Hiring continues to be a struggle for employers more than two years after the pandemic’s start as the expectations among jobseekers have grown, new survey data from the state Labor Department shows.
During a virtual meeting of the Long Island Regional Planning Council Wednesday morning, Deputy Commissioner of Labor Christopher White presented new employer and jobseeker survey findings. Among the results was a breakdown of the hardest jobs for Long Island employers to fill.
Administrative positions, sales, warehouse workers, direct support professionals and registered nurses were the top five hardest jobs to hire for on the Island in 2022, according to employers in the survey. White said the results mirror what is being reported in the rest of the state.
“The types of jobs that are just hard to fill for businesses out there are pretty much the same,” White said
The two surveys, taken in May of this year, received responses from 1,275 jobseekers and 563 employers on Long Island. Among the list of tough jobs to fill, direct support professionals ranked high. Direct support professionals, or DSPs, help disabled individuals live more independently by assisting in tasks like personal hygiene, dressing, food preparation, and transporting the individual to social gatherings or appointments.
(Job seekers and employers during a job fair at the Hotel Indigo in Riverhead in April. Credit: Newsday/Alejandra Villa Loarca)
The challenge to hiring DSPs is “mostly economic,” said Chris Rosa, president and chief executive of the Viscardi Center, an Albertson-based nonprofit network serving disabled Islanders.
“”It’s very low wage work,” Rosa said. “A lot of that has to do with the underlying rates of Medicaid reimbursement.”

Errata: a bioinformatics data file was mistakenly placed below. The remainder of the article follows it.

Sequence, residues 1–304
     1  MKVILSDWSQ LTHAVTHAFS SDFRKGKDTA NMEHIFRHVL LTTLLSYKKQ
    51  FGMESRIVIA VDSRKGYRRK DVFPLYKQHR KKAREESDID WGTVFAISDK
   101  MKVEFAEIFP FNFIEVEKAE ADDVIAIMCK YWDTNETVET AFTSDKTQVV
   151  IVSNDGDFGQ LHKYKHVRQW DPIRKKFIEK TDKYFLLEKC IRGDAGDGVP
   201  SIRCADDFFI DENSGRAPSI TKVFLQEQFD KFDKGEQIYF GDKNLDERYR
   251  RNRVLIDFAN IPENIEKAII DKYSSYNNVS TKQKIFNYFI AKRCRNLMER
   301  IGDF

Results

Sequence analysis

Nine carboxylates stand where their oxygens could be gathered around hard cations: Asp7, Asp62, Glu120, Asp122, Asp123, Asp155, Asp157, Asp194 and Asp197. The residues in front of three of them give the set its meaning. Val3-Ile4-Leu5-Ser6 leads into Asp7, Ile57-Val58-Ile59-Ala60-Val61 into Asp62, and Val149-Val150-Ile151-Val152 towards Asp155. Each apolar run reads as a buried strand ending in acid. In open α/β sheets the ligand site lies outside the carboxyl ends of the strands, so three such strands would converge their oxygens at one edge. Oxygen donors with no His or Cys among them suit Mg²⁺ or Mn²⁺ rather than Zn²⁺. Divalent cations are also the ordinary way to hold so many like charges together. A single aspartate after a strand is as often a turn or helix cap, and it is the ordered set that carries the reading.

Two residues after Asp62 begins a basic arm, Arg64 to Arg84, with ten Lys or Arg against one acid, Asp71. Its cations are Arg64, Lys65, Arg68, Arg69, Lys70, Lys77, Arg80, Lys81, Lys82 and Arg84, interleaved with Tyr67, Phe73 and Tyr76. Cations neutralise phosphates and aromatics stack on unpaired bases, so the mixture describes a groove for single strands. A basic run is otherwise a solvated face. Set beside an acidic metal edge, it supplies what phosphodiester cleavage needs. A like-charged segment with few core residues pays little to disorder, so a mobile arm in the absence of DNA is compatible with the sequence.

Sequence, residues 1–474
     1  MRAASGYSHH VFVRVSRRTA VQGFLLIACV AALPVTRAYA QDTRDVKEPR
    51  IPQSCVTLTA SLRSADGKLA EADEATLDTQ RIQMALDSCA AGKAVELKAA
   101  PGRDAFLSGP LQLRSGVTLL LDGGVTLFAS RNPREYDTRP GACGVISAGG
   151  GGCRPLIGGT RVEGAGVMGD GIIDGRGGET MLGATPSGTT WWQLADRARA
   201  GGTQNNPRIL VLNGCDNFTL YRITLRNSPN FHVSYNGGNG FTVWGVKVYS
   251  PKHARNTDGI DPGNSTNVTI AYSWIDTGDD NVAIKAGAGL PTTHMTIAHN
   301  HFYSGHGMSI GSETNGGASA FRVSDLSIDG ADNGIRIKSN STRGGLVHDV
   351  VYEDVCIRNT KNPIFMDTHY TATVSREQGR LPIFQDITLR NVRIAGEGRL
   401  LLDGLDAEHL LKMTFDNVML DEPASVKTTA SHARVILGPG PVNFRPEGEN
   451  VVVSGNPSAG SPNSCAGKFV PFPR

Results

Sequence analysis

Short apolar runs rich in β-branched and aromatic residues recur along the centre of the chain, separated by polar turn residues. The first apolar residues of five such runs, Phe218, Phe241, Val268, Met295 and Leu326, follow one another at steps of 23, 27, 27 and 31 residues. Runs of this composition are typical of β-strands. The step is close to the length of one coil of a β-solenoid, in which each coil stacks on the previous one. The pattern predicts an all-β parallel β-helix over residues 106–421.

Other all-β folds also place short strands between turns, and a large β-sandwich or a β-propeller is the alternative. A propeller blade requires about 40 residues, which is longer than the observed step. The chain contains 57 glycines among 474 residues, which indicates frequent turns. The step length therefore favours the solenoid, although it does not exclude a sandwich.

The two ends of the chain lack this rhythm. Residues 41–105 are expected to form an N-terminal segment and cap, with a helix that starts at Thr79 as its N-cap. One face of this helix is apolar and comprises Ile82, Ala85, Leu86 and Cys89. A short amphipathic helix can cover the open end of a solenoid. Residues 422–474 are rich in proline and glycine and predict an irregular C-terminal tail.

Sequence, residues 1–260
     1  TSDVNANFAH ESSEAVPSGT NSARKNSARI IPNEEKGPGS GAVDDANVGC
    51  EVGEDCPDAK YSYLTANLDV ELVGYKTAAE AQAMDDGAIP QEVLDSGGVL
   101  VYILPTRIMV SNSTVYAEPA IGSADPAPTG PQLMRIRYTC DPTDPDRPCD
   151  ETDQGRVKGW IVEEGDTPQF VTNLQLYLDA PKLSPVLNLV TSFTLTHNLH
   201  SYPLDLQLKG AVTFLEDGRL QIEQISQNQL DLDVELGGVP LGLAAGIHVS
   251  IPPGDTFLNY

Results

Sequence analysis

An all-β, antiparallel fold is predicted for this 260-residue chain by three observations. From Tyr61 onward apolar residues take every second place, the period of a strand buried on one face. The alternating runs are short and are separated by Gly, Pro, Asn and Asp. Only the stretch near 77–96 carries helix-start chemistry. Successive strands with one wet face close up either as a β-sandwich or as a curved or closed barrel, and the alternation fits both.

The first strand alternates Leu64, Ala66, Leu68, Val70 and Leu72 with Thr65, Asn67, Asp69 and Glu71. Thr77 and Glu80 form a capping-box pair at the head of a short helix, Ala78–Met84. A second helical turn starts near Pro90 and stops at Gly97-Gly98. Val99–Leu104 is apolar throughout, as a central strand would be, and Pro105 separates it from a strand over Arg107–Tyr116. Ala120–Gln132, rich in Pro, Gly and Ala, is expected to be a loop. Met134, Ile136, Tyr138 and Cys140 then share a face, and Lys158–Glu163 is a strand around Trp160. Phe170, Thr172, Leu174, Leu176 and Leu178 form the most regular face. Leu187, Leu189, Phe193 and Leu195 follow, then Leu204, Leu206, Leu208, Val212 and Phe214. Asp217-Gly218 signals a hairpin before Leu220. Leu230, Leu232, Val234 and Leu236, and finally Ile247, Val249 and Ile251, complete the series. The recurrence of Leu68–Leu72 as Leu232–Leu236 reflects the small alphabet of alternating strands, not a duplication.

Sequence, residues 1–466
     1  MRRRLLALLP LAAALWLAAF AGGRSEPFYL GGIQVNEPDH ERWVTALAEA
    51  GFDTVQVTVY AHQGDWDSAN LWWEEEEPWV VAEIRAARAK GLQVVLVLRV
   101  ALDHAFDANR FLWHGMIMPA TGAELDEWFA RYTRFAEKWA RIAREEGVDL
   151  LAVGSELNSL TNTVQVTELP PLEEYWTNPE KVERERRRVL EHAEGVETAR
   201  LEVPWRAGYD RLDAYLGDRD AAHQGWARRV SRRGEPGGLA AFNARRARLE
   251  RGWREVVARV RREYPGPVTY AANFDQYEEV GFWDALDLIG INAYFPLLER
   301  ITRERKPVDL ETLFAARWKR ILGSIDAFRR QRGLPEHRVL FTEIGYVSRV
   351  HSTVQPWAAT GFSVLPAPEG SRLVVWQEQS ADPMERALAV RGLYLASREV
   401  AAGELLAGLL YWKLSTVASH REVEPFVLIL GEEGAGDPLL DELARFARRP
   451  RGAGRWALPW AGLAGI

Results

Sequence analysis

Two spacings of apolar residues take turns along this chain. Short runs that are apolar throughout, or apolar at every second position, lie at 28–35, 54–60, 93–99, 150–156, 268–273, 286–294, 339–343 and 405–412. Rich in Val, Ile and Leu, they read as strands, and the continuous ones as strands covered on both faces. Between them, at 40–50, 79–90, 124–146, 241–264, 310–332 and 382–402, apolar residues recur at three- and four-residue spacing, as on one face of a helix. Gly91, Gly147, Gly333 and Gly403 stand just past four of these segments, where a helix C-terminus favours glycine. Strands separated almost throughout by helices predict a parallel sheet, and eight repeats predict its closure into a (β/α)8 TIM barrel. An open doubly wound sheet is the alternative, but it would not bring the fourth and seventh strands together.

Organizations like Rosa’s rely on Medicaid t dollars to cover the cost of the services they provide.
One underlying cause behind hiring woes, said staffing experts, is a mismatch of expectations by employers and jobseekers.
Janis Zamier, director of operations for Hicksville-based staffing agency Long Island Temps, said she is often in the position of telling employers they need to be more realistic about the current job market.
“They call and say, ‘This is what I want to pay somebody,’ and it’s a dollar above minimum wage, and they want them to have computer skills. It’s not happening,” Zamier said. “I have this conversation almost every day.”
In the jobseeker survey, 38% of respondents said they were looking for positions with paid time off; 36% were looking for higher pay, 33% were after fully remote work opportunities , and 29% were searching for positions that would allow them to work fewer days per week at the same overall pay.
With large businesses like Amazon or Target offering higher starting wages, smaller firms find it difficult to compete, Zamier said.
At the same time, many jobseekers, too, have come to Zamier with what “unrealistic expectations,” such as shorter work weeks in tandem with high pay and remote working opportunities.
Ana Getiashvili, a labor and employment attorney with Meltzer Lippe in Mineola, said increasingly she’s hearing from business clients that job applicants are more upfront about their desire for paid vacation, higher salaries, and flexible schedules.
Additionally, existing employees who see opportunities in the tight labor market are more frequently applying for other jobs just so they can leverage the threat of quitting to improve their wages.
“Jobseekers are more empowered these days,” she said. “The pandemic has changed the job market so much and I don’t think it is going to go back to what it was pre-pandemic.”
By Victor Ocasio firstname.lastname@example.org
September 15, 2022